"The pattern of unlawful and fraudulent conduct is almost unlimited in its creativity. The scams take every imaginable form."

Overpayment If you thought that line could be stated by a federal prosecutor describing a professional criminal enterprise or The Wall Street Journal detailing the newest Ponzi scheme, you would ordinarily be correct. While the quote suggests a brilliant criminal enterprise, the line was actually used within a 52-page class action lawsuit submitted September 26, 2016, against Payless Car Rental and parent firm AvisBudget Group in the U.S. District Court of New Jersey.

Who is Payless?

Payless Car Rental is a third-tier, lesser-known subsidiary of the AvisBudget Group. Acquired in 2013, Payless is considered part of the "deep-value segment of the industry" according to AvisBudget . A deep-value firm focuses extensively on cutting costs, often by renting higher mileage vehicles, using off-airport locations that require a shuttle bus, and high pressure and/or questionable sales tactics to push add-on services to increase profitability.

Payless and The New York Times

Payless and The New York Times have been in an ongoing, fairly committed relationship for all of 2016. The personnel at Payless are accused of continuing actions that are newsworthy, which is not beneficial for the reputation of the company (or parent firm AvisBudget).

In January, the NYT relayed that Payless' support structure made it almost impossible to file complaints with the company . Even when complaints were successfully filed, the company proceeded to ignore the complaints anyway.

In July, the NYT added that Payless created arbitrary policies that charged customers for refueling vehicles, even when the vehicle was returned full and customers could prove that the car had been refueled based upon published policies .

In August, the NYT provided evidence that Payless does not take kindly to credit card disputes . When customers won credit card disputes against Payless, the company ostensibly followed up with letters of "Debit Advice" that required customers to send the amount that had been won in the dispute to an ominous address:

32961 Collection Center Drive, Chicago, Illinois

For those curious as to where Collection Center Drive might be, even Google can't help . Payless somehow received checks addressed to Collection Center Drive and was more than happy to cash those checks to recoup the cost of their lost credit card disputes.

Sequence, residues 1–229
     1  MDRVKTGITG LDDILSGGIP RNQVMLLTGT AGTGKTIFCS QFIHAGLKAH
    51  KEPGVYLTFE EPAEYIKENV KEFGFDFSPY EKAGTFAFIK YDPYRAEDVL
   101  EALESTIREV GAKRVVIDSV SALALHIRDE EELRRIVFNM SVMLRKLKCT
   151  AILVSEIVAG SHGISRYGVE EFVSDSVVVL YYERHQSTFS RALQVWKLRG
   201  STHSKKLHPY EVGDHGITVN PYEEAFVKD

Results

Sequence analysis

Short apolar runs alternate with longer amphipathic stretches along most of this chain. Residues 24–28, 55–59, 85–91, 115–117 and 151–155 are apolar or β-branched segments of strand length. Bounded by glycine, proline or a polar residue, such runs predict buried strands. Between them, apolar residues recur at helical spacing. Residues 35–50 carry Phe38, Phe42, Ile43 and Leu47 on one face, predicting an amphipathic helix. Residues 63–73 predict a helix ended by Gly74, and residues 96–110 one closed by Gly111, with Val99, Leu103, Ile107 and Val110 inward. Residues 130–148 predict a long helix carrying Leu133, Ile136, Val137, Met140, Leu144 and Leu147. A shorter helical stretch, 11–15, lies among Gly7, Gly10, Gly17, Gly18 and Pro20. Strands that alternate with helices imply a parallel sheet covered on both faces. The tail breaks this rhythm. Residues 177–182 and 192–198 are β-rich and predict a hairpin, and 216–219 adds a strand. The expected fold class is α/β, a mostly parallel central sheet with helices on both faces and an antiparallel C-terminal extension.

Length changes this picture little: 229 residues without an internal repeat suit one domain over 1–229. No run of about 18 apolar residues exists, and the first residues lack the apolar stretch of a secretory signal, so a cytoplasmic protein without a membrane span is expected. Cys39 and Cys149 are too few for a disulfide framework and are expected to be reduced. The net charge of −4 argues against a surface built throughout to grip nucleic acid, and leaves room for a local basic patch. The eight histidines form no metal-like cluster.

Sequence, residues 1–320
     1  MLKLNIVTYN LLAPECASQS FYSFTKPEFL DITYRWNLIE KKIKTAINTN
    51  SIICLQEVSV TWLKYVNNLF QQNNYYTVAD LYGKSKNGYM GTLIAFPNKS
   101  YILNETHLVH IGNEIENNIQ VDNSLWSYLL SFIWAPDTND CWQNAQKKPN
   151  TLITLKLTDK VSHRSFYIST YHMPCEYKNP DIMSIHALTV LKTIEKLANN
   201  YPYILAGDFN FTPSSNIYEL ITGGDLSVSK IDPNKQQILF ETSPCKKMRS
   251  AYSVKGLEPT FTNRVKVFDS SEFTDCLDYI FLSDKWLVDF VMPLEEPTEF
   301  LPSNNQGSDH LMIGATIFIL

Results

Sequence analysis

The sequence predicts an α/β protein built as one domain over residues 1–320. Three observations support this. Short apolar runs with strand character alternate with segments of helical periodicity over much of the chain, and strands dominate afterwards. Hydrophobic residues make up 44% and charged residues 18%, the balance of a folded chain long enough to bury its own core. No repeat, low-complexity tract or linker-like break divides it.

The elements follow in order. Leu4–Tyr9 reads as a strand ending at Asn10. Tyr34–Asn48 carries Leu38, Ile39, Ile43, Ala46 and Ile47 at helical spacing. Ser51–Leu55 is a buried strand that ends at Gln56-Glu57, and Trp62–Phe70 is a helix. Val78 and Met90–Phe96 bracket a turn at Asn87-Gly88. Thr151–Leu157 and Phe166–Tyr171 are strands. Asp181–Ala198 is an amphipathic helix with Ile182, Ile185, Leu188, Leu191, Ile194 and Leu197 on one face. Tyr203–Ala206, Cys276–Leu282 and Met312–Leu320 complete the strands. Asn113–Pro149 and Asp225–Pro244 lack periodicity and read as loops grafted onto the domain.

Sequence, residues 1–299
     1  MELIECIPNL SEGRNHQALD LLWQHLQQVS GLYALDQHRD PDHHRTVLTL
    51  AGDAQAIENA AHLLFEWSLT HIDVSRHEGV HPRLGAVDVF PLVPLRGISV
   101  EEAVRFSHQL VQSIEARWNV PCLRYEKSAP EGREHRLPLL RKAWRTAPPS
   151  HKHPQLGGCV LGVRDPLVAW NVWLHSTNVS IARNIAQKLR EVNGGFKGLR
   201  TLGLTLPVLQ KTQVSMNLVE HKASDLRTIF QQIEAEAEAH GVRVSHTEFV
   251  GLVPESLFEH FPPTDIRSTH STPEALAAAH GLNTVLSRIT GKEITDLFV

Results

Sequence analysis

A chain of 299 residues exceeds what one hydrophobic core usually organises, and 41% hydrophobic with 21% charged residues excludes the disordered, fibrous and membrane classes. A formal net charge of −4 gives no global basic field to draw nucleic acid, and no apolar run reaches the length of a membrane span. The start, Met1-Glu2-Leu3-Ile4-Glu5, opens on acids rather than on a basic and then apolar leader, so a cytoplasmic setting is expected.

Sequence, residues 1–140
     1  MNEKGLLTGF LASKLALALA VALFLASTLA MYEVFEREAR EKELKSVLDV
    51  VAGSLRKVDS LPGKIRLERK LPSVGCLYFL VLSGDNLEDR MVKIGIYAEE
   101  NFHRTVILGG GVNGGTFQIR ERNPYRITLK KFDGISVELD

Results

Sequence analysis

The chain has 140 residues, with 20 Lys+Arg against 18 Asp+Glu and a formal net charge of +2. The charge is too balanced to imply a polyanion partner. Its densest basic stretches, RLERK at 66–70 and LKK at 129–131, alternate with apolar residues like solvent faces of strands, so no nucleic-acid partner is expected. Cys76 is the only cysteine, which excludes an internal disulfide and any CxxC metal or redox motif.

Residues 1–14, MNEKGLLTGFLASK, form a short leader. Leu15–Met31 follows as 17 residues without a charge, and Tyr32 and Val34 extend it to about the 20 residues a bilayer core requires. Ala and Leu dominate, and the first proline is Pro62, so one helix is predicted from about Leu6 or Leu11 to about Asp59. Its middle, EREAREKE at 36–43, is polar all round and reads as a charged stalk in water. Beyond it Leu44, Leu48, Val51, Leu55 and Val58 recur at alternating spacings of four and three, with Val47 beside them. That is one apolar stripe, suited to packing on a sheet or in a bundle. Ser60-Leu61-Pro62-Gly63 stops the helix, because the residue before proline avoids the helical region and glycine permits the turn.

As David Segal (The Haggler of the NYT) noted at the time, "if Payless is still demanding that customers send money they don't owe to a street called Collection Center Drive, it has problems that Avis Budget isn't eager to solve."

The class action lawsuit was filed against the firms a month later in September 2016 . Segal could almost be considered a consultant on the case, given the filing largely details a pattern of behavior by the Payless organization he had outlined throughout the year. In fact, his articles about Payless' failings are even listed on page 12 of the court filing.

The Class Action Filing

Class action lawsuits against a rental car company are nothing new. All of us at AutoSlash have been eligible for checks from rental car class action settlements in the past, whether for fees imposed on airport rentals, frequent flyer miles, or tolls.

What's exceptionally rare is a class action lawsuit filing that reads more like a federal RICO Act criminal filing, endemic throughout the entire firm rather than selected locations.

The business practices alleged in the class action filing are truly damning; the lawyers claim a "concerted, organized enterprise" of Payless (and parent firm Avis) to repeatedly bilk their customers.

"Defendants Payless and Avis have an organized, company-wide scheme to defraud consumers so as to increase revenues. The scheme is simple - Payless/Avis trick consumers into paying for, among other things, insurance, roadside assistance packages, fuel options, and other "add-ons" that they specifically declined. These ancillary products (rather than rental revenue) are Payless' bread and butter."

Simply put, the allegations include:

  • Telling prepaid rental customers that a failed "credit check" made them ineligible to rent cars and forfeited their rights to refunds,